*ARC provided by publisher*Lockdown is exactly what Reese feels his life is like. He's fourteen and in a juvenile detention center. As he tries to maneuver the problems of fellow inmates looking for a fight, adults who assume he's a lifelong criminal, and his own sense of an inevitable life on the street, he makes an unlikely friend. Mr. Hooft is an elderly white man with his plenty of prejudice and lots of stories about his own life that help Reese discover just what he might be capable of.
Things I Liked:
It was a unique and interesting look at life in a detention center. I liked getting into the mind of a person who deals with everyone's preconceived notions of his criminality and his general depravity. Having grown up white, privileged, and pretty sheltered, I found it hard to relate to Reese's difficulties in trying not to fight other inmates. The book doesn't pack quite the punch that Monster did, but I liked the hopeful ending, especially after I started to care about what happened to Reese.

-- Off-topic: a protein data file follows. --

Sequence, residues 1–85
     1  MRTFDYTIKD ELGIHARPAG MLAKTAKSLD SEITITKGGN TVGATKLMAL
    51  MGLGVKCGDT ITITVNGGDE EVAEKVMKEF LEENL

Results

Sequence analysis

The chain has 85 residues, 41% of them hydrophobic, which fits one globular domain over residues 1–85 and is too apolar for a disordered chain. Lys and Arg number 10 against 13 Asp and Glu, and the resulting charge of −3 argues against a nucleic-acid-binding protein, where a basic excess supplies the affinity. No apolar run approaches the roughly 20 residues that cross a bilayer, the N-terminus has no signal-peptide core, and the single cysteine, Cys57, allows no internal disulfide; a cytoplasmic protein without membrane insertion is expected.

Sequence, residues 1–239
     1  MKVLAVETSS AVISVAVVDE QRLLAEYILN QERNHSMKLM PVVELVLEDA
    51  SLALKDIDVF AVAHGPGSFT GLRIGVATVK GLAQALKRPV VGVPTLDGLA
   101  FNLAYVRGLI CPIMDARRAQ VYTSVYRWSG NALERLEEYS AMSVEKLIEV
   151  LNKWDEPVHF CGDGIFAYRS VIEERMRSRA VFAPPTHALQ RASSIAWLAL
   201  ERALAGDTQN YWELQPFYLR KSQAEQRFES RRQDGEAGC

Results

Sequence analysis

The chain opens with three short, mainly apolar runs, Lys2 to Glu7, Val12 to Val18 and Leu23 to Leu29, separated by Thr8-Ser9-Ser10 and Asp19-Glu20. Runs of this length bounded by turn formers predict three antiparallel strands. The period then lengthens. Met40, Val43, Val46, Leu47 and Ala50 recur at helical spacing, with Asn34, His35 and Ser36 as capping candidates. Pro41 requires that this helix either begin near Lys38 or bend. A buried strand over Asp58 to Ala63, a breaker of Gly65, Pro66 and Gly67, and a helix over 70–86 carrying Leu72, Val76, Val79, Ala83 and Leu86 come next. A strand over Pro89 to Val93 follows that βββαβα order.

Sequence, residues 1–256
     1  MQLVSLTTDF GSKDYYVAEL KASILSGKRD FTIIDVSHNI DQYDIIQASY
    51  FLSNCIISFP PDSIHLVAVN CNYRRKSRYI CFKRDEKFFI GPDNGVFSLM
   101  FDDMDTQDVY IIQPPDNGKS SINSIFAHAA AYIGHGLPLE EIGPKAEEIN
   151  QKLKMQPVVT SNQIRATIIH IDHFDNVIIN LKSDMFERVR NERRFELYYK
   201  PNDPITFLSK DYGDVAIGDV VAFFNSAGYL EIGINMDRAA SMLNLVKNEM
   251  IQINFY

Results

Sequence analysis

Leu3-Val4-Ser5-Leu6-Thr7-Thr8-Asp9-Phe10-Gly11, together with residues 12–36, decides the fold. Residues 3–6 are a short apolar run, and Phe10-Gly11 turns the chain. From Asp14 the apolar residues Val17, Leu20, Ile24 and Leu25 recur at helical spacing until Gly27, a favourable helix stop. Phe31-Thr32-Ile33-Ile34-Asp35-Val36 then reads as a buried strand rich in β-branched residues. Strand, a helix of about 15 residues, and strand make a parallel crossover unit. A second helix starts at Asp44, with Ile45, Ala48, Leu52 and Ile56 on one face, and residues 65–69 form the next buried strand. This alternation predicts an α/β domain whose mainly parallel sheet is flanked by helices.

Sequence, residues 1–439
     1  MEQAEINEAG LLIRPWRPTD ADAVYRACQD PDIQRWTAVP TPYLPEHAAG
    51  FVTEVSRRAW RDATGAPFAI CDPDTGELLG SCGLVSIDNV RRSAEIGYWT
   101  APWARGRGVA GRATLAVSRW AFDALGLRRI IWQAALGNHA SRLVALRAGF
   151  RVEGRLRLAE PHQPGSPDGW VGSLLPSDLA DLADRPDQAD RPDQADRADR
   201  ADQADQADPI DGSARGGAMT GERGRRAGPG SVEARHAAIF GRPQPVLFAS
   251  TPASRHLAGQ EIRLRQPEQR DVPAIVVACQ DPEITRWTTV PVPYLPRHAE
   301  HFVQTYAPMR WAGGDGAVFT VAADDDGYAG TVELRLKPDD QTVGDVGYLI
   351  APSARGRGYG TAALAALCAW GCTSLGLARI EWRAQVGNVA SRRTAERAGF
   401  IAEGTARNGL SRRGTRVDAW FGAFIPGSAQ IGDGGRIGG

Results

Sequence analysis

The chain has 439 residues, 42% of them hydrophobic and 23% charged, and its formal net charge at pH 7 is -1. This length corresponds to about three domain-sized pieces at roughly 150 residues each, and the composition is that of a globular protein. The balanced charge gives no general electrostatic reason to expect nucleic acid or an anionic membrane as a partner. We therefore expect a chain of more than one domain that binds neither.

Things I Didn't Like:
I didn't think there was enough about the relationship between Mr. Hooft and Reese. It didn't really develop in my mind to the point where they liked each other enough to actually listen to what the other said. Mr. Hooft rather suddenly didn't care as much that Reese was black, despite his life-long prejudice. Sometimes the language was a little choppy, but that might be because I don't really have a grasp on the slang.
Definitely like Monster also by Myers
BOOK CONTENT RATINGS:
a few remarks in passing
they get in several fights
Overall rating: ***
I think reading definitely broadens our horizons with characters that are so different than us, but do you ever find it hard to like a book where you simply can't relate to the characters?
If you buy through my Amazon linkage, I will get a very small percentage